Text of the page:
Middle Georgia voters who wanted to legalize Sunday alcohol sales can pop their champagne corks to celebrate.
Voters across midstate cities and counties approved referendums that will let people buy beer, wine and alcohol from stores on Sundays.
Macon voters approved Sunday package sales 6,782-4,210. The measure is scheduled to take effect Dec. 4 between the hours of 12:30 and 11:30 p.m.
Bibb County’s vote was much closer as voters approved the proposal 4,991-4,257. The tally stayed within a couple hundred votes for much of the evening.
Voters in Perry and Warner Robins approved alcohol-by-the-drink referendums that will allow people in those cities to buy alcohol on Sundays in a restaurant or bar. Fort Valley voters approved the same measure from Mondays through Saturdays. Byron voters also passed measures authorizing the city to permit and regulate the Sunday sale of alcohol by the drink and through package sales.
Bibb County commissioners still have to approve the alcohol referendum, said Commissioner Lonzy Edwards. Should they do so, it would also take effect Dec. 4.
“I am personally against alcohol sales on Sunday, but I felt we needed to give people a chance to have a say on it, and if people say that’s what they want, I don’t know how any of us on the commission can get in the way of the will of the people,” Edwards said.
Many supporters of Sunday sales shared the same attitude: that if people could buy alcohol six days a week, they should be able to buy it on Sundays as well.
“On six other days, it’s legal (to buy alcohol),” said Amy Hollis, 42. “It seems archaic not to do it on Sundays.”
Rebecca Rhodes, 73, said that while she doesn’t purchase a lot of alcohol, she would like to have the option to buy it on Sunday, as many other cities do.
“I voted yes because I’ve lived in a whole lot of places where you could,” she said. “If we had it, it’d be nice. Not that I do a lot of buying alcohol on Sundays, but if you want to be able to get something on Sunday, I think you should be able to.”
Dana Woodard, 47, said that besides convenience, she thinks people would be safer if they could purchase alcohol from a store rather than from a restaurant or bar.
“I’d much rather you be able to buy (from a store) and take it home rather than have someone go into a restaurant and drink, and then possibly drive home while intoxicated,” she said.
In Macon, some voters who voted against the measure said they didn’t think Sunday sales were necessary. They said if people wanted alcohol on Sunday, they could purchase it on a different day.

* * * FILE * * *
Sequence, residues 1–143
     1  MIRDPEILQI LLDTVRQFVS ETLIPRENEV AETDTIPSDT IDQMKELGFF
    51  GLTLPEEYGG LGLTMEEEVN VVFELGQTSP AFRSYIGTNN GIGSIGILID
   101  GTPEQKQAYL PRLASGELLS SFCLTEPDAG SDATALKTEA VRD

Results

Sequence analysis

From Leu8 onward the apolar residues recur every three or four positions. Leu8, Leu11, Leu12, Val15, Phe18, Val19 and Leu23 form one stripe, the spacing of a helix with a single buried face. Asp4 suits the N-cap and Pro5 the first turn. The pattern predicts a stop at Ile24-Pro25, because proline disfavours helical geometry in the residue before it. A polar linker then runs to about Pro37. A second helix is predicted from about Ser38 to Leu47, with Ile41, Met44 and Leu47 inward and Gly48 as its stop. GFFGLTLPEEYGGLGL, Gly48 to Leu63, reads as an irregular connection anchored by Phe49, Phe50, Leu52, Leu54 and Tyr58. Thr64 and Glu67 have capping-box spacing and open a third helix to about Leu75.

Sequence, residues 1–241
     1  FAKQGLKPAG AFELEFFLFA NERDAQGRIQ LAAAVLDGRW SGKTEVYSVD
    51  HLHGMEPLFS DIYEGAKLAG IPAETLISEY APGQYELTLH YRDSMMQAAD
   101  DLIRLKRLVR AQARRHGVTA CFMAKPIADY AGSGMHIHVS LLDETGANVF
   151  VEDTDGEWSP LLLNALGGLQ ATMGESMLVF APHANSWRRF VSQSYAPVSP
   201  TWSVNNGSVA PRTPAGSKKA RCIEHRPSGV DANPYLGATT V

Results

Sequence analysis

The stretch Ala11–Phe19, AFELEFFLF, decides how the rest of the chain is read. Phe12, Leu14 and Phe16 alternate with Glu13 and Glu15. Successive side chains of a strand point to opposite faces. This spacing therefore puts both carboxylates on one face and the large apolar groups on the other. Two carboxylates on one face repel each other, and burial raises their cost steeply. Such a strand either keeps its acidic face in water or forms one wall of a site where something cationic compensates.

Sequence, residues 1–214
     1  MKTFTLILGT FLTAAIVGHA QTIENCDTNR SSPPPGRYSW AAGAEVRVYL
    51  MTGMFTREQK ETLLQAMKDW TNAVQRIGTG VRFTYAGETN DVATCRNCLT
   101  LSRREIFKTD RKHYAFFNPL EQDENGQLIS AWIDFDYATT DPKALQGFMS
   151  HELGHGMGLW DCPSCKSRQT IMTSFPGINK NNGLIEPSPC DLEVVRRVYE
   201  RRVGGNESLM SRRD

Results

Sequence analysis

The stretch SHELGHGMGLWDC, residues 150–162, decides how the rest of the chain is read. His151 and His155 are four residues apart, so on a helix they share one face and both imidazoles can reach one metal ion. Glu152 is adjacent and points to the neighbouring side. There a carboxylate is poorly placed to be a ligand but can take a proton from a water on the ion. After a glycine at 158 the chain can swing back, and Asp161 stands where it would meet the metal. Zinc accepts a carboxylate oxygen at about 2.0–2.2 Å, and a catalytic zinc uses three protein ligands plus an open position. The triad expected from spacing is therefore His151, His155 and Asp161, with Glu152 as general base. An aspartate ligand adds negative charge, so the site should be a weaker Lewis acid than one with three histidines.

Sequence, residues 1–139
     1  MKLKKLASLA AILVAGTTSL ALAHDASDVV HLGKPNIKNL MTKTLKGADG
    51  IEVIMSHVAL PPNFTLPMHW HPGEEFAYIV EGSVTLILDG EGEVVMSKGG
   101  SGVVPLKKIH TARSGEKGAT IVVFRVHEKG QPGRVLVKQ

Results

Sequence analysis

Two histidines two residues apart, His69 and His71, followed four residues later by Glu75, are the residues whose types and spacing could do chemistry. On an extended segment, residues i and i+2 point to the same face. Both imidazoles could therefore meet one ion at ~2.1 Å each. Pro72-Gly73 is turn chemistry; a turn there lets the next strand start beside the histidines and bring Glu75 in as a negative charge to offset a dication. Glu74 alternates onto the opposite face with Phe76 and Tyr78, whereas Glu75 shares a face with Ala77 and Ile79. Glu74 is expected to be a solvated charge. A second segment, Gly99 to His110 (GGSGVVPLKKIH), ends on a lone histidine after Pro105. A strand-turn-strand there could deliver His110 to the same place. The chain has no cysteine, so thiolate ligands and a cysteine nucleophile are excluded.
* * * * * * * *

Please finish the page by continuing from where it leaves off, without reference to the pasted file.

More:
Bill Hardison, 85, said he doesn’t believe in alcohol sales -- period.
“I don’t believe in selling alcohol on any day,” he said.
Some midstate cities asked voters to approve both Sunday sales and liquor-by-the-drink sales.
In Houston County, Warner Robins voters approved Sunday sales 2,047-1,474 and by-the-drink sales 2,132-1,403. In Centerville, city administrator Patrick Eidson said voters approved Sunday package sales.
In Perry, about 55 percent of voters approved both measures. The vote was 477-393 in favor of package sales and 492-379 in single-beverage sales.
In Peach County, Byron voters passed the by-the-drink question 350-229 and the package sales measure by 335-225. Package sales may be allowed from 12:30 to 11:30 p.m. on Sunday. The by-the-drink measure had no time restraints in its wording. Both will take effect Jan. 1, 2012.
Fort Valley voters had an alcohol-by-the-drink referendum for Mondays through Saturday, which they approved 323-240. The Fort Valley City Council is still trying to determine how they will issue liquor licenses to restaurants, which will be discussed at the council’s next meeting.
State lawmakers voted last April to allow residents in Georgia cities and counties to decide whether they wanted Sunday alcohol sales where they lived. The Georgia Secretary of State’s office said that 64 counties and 264 cities across the state put Sunday alcohol sales on Tuesday’s ballot.
Information from Telegraph archives was used in this report. Staff writers Jennifer Burk, Angela Woolen and Caryn Grant contributed to this report.